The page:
Handle With Care: The Importance of Tailor-Made Addiction Treatment for the LGBTQ Community

By Christa Banister Considering how complex addiction is and what causes it in the first place, it probably seems like a no-brainer that one size doesn’t necessarily fit all when it comes to treatment options. But as much as that sentiment makes sense on paper, modern healthcare practices don’t always reflect that reality, particularly in

Crash Your Helicopter and Embrace Imperfection – in Yourself and Your Child

By Melissa Riddle Chalos At its best, parenthood is the most beautiful, meaningful role you can take on. That little baby takes over your life, and nothing will ever be quite the same again. It can also be the most exhausting, frustrating and difficult thing you’ll ever attempt to do. When parenthood is status-driven, competitive

Taking Care of Those Who Take Care of Us: First Responders and Mental Health

By Pat Matuszak First responders by definition respond to someone else’s emergency, not their own. So the emotional aftermath firefighters, paramedics, military or police personnel experience may be overlooked — even by the first responders themselves. If you’re a first responder and are experiencing symptoms like sleeplessness, anxiety or depression, you are not alone. You

Letting Go of Survivor’s Guilt After Combat

By Alanna Hilbink You survived. The hardest part is supposed to be over. So why do you still feel bad, sad, afraid and even guilty? Survivor’s guilt is complicated and confusing. Surviving is complicated and confusing. But you’ve done it once, you continue to do it, and you can keep doing it. And with the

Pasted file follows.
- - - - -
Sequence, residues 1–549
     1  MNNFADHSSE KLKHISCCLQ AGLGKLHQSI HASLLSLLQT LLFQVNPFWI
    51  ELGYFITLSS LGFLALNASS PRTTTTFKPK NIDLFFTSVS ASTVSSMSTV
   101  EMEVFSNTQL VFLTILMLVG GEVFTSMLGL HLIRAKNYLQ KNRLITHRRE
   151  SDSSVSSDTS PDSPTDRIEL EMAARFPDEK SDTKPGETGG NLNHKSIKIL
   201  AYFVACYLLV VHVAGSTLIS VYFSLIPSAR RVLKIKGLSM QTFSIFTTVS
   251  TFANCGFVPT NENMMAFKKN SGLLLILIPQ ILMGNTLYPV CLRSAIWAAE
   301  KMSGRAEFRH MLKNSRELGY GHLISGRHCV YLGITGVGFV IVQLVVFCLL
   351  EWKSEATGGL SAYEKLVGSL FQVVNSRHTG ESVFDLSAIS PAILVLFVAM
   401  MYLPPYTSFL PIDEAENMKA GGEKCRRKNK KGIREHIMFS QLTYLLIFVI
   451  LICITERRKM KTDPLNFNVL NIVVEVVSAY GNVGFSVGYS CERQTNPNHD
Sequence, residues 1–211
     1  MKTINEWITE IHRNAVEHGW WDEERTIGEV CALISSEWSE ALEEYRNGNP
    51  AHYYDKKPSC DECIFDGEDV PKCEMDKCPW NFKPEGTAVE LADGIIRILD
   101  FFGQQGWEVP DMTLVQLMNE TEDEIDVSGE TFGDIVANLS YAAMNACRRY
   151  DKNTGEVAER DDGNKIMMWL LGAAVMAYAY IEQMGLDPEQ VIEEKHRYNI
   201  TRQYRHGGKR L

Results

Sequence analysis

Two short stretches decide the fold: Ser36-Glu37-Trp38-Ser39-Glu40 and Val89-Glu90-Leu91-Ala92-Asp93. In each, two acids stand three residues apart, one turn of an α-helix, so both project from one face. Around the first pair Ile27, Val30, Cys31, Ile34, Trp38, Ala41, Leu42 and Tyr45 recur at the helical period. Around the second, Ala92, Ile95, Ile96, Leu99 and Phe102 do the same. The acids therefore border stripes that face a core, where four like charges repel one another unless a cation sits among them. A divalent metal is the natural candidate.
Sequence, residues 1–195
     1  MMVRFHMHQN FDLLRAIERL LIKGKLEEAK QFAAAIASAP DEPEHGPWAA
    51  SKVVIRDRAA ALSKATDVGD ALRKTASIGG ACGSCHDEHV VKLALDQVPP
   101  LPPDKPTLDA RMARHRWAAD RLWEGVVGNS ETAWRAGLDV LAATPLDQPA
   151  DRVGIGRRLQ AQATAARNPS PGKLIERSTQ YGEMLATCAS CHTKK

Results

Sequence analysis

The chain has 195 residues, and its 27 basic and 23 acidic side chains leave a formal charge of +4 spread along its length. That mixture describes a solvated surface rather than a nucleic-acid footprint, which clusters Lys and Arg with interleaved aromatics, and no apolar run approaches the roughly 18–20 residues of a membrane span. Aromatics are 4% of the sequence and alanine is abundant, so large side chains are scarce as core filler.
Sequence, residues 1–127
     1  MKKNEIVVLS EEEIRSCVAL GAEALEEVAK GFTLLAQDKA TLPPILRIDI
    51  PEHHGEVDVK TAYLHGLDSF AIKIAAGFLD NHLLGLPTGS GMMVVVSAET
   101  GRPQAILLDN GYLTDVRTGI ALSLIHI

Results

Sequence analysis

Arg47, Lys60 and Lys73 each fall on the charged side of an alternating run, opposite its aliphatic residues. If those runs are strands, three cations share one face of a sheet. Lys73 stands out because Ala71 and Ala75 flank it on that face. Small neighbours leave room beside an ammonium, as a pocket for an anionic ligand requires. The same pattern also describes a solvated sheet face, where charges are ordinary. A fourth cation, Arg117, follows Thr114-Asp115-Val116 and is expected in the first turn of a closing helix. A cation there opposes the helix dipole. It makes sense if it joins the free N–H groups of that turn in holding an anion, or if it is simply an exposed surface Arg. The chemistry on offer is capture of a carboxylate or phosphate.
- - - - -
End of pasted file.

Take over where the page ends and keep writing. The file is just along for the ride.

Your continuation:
Is Your Combat PTSD Affecting Your Kids?

By Kathryn Millán, LPC/MHSP Post-traumatic stress disorder (PTSD) is a condition that can happen to any person who has experienced a trauma that felt life-threatening and caused considerable distress. It is not caused by any personal deficiency or weakness, and it can happen to anyone. In the United States, approximately seven to eight percent of

Why Parenting a Tween Increases Your Risk for Depression

By Patti Richards He’s not in elementary school, and he’s not a teenager. He needs you some days, and other days he doesn’t. Yesterday he kissed you goodbye before hopping out of the car, and today he barely grunted as he slammed the door. Tomorrow he might surprise you with an “I love you, Mom,”

How to Help a Friend with Postpartum Depression

By Stephanie Thomas My newborn son, Henry, and I strolled through the aisles of a grocery store one cold winter day just weeks after his arrival. I took my time, appreciated the coos and compliments of strangers and worried about which ice cream flavor — flavors? — we should bring home. An older woman approached,

Talking to Kids Affected by Parental Addiction

By: Cindy Coloma Addie is late to class again. She reminded her mom about the Valentine’s Day party but ended up leaving for the bus with her still asleep on the couch. Just like last year, Addie dreads walking into school with no Valentine’s cards to pass out to her classmates and no goodies to

8 Ways to Improve Your Mental Health in 2018

by Melissa Riddle Chalos It almost goes without saying, but knowing human nature, we’ll just say it anyway: How healthy you are physically won’t matter much if, mentally and emotionally, you’re on life support. So, while you’re resolving to hit the gym at least five days a week, completely give up carbs and/or drink more

Feeling Blue this Winter? You Might Have Seasonal Affective Disorder

By Wesley Gallagher The onset of winter brings many things – snowy days, evenings by the fire, holiday coziness and warm sweaters, to name a few. For some people, however, winter brings an unwelcome change in mood. The “winter blues” are a common malaise brought on by the winter season, but many people suffer from